Agua de piña is a very popular agua fresca served all over Mexico, and made from just a few ingredients.
Nieves and raspados are more or less the same: flavored shaved ice. And chamoyadas are in the same family, but made a little differently; usually they’re a slushy consistency and you drink them with a straw. I’ve included the directions for both below.
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Summer and parillada season is upon us, and I love to serve a dessert that feels special like fireworks at the end of the evening — but without too much fuss.
I was browsing recipes at El Mejor Nido for summer dessert inspiration and came across an easy homemade strawberry ice cream that looked divine. I love the idea of making homemade ice cream with fresh seasonal fruit, but I don’t have an ice cream maker.
So instead, I created this no-churn version of a Mexican vanilla ice cream with a grilled pineapple topping. Sweetened condensed milk folded into freshly whipped cream is the key to this dish, and there’s a surprise ingredient — a very small amount of tequila — that helps keep the ice cream easy to scoop. The only real skill you’ll need is patience while it freezes!
RELATED RECIPE: Frozen café con leche…
Paletas made with pineapple, cucumber and lime juice are a refreshing, healthy treat you can enjoy without any guilt! This all-natural, no sugar added popsicle recipe is one of my favorite ways to cool off from the summer heat, without consuming lots of empty calories or sugar. The lime zest gives these paletas a bright zip of color and a citrusy aroma that lime juice alone just can’t provide. I also love how the lime zest sinks to the bottom of the popsicle mold as it freezes, embedded in the pineapple juice and some of the cucumber juice naturally floats to the top of the mold. It makes for a pretty layered look with zero effort for it to turn out that way!
After going 10 days without eating sugar last month, I began thinking a lot about how much added sugar we actually consume in our household. Although we won’t completely cut all added sugar out of our diet, there are definitely some places we can easily cut back to make healthier choices. And although it’s true that pineapple has a moderately high amount of natural sugar, the juice, when cut by cucumber and lime juice and divided into 10 popsicles, still has way less sugar per serving than almost any store-bought popsicle, and absolutely no preservatives, chemicals, sugar substitutes or artificial color dyes.
RELATED RECIPE: Mango cantaloupe paletas with chile powder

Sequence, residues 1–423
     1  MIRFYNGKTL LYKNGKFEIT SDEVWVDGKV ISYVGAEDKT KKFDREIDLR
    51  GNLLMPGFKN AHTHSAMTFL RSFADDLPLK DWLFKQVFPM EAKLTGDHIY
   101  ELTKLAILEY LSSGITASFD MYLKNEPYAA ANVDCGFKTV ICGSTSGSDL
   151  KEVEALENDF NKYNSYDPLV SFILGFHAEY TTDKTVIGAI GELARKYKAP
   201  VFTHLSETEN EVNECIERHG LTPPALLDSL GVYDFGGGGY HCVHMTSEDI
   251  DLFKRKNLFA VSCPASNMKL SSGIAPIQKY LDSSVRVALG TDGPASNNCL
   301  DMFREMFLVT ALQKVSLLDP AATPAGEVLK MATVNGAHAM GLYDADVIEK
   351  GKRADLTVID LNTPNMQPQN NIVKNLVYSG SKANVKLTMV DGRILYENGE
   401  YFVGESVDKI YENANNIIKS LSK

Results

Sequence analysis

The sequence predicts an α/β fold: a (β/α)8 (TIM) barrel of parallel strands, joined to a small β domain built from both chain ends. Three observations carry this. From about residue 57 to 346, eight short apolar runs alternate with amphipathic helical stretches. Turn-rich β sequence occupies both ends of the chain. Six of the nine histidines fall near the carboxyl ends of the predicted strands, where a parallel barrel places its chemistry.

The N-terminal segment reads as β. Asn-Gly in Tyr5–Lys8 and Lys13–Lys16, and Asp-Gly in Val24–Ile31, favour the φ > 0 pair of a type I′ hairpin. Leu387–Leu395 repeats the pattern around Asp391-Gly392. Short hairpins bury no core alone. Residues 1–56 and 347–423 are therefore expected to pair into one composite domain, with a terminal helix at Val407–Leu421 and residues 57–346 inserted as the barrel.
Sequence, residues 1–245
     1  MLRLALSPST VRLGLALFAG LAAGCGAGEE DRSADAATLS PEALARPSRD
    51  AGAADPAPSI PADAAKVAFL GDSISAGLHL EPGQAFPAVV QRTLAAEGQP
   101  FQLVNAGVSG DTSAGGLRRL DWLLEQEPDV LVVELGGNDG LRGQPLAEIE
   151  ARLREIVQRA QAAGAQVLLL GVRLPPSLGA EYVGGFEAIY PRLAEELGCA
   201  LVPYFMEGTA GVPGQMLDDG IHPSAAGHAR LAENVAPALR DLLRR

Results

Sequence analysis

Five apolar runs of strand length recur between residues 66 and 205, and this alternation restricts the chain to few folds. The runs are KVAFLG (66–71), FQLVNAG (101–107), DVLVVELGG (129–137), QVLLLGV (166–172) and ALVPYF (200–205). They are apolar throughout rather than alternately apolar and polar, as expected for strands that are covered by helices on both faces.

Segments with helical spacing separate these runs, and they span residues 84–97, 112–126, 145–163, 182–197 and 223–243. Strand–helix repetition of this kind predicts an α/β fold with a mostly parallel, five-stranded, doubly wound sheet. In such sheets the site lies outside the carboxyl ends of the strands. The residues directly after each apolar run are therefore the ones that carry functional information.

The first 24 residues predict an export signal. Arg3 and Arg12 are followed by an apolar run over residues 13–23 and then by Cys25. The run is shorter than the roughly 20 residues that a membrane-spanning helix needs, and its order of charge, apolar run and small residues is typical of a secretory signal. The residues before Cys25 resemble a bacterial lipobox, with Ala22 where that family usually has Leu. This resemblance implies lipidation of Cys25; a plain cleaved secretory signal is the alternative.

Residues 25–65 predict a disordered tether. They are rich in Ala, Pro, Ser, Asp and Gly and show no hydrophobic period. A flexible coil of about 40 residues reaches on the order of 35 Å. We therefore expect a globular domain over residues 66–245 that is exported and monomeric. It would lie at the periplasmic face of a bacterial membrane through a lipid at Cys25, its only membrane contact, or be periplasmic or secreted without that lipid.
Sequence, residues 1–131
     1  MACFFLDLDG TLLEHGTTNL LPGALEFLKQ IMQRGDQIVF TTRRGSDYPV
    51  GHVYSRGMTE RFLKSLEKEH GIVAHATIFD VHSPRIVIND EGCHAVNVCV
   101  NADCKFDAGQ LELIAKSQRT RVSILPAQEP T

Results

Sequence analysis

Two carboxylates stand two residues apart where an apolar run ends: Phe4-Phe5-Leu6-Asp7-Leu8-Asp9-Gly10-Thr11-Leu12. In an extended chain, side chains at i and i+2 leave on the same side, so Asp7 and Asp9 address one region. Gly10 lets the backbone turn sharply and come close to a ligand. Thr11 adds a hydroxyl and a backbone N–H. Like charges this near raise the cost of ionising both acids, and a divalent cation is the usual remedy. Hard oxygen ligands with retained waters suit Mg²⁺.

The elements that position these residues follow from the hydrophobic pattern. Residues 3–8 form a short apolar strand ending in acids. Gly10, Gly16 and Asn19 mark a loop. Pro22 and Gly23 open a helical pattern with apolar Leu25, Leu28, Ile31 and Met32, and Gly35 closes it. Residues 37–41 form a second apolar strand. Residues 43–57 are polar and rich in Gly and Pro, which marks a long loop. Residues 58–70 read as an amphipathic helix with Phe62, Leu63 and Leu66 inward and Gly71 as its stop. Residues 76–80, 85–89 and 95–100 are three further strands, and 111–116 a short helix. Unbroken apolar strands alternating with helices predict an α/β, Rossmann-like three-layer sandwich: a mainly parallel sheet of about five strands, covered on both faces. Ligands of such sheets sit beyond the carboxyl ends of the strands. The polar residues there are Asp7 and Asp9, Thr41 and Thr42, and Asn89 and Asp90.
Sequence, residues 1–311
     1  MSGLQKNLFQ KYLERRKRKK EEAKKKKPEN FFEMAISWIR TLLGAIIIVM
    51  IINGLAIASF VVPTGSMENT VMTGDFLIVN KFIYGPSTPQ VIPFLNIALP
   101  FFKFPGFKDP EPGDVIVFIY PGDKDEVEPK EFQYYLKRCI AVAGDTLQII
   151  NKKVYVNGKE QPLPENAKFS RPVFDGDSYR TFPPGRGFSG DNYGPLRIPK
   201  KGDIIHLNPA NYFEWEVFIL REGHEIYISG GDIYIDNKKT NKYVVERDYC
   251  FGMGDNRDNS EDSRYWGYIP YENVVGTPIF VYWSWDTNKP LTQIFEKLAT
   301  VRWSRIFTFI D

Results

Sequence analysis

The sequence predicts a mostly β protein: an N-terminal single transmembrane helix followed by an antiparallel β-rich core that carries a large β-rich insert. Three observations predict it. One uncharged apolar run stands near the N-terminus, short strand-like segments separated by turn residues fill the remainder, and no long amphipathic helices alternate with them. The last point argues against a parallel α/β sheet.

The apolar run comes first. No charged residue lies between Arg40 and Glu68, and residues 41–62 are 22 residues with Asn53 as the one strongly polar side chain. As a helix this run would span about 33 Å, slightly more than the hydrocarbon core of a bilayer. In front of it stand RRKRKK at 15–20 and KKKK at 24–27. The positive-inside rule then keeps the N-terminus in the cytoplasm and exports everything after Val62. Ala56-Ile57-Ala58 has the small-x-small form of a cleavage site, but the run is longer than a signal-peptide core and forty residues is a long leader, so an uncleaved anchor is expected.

If your family consumes a lot of popsicles in the summer like mine does, then you probably already know that making your own ice pops can be both cost effective and healthier. Especially if you’ve got little kids you don’t want eating lots of sugar, this recipe is a great, tasty option. Be sure to cut the skin off the cucumber so that the flavor is mild and blends in well to mellow the sweetness of the pineapple. Leaving the skin on the cucumber often results in a bitter flavor that throws off the balance.
I recently made several versions for a game night gathering, and this one was the quickest to disappear.
RELATED: Mango and pomegranate guacamole
If you’d rather not mix sweet and savory, you can leave out the jalapeño and garlic if you prefer. But after trying this recipe, nobody was eating the classic guacamole recipe I brought! I love to buy a whole bag full of avocados and make several different versions for parties because it’s so easy to do. Just keep the base the same with avocado, garlic, lime juice and salt, split up the base between several bowls, and add other ingredients as you like. It looks fancy but takes very little time to do.
I use red onion when I make guacamole with fruit because they’re less pungent, have a milder onion flavor, and still give you an added texture and crunch. You can substitute white onion if you prefer, but it will have a different taste. Red onion complements the sweetness of the fruit better, while white onion can overpower the delicate taste of the pomegranate and sweet acidity of the pineapple.
This nontraditional recipe is perfect for any party or get-together with family or friends, especially if they’ve never had anything but classic guacamole before. I hope you enjoy it as much as my family does!
One last note: Always use fresh-squeezed lime juice over the bottled kind. The flavor becomes dull and sometimes bitter due to time since bottling means it’s pasteurized and has preservatives in it. The brightness from fresh lime juice can’t be matched by the bottled stuff.
As I’ve been checking out as many Mexican grocers in Los Angeles as possible, I’ve noticed one product (made by a few different brands) that was not common to find in the Mexican supermarkets in Chicago: bottled tepache. I haven’t tried any yet, but I think I will soon just because I’m seeing it everywhere and I’m getting more and more curious how it tastes compared to the homemade tepache I’ve had in Mexico and Chicago from taquerías and street stands.
The fermented pineapple drink has a hard cider quality and is originally from the state of Jalisco.
For a home-brewed recipe, check out this step-by-step tepache recipe and tutorial from my friend Pati Jinich from Pati’s Mexican Table.
I used to frequently find tepache at an aguas frecas stand at the Maxwell Street Market (every Sunday from 7 a.m. to 3 p.m.; free admission and most vendors only accept cash). For more places to find tepache in Chicago, check out this August 2012 article from the Chicago Tribune.